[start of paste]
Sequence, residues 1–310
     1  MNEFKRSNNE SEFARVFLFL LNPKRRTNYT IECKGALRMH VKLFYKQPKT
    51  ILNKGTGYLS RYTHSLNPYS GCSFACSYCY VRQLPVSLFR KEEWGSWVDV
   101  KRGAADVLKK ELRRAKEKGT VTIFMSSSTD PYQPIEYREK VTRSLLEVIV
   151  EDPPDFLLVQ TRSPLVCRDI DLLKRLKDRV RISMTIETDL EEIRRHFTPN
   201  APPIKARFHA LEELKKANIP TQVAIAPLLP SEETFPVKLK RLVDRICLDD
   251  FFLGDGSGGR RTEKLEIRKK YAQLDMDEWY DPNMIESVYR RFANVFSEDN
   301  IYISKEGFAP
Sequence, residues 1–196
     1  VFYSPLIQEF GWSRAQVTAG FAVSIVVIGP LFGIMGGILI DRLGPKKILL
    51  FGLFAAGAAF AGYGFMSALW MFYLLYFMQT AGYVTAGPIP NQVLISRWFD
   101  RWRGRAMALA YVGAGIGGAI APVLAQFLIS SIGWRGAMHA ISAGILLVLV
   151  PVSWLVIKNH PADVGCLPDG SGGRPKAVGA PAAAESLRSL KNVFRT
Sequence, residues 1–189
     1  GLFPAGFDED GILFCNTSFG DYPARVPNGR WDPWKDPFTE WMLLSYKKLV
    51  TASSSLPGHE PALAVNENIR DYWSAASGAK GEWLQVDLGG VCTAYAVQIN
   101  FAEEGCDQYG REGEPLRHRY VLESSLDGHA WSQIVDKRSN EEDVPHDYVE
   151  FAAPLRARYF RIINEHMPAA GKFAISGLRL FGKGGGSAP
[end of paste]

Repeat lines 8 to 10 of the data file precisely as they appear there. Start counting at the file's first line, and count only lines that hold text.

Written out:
   301  IYISKEGFAP
Sequence, residues 1–196
     1  VFYSPLIQEF GWSRAQVTAG FAVSIVVIGP LFGIMGGILI DRLGPKKILL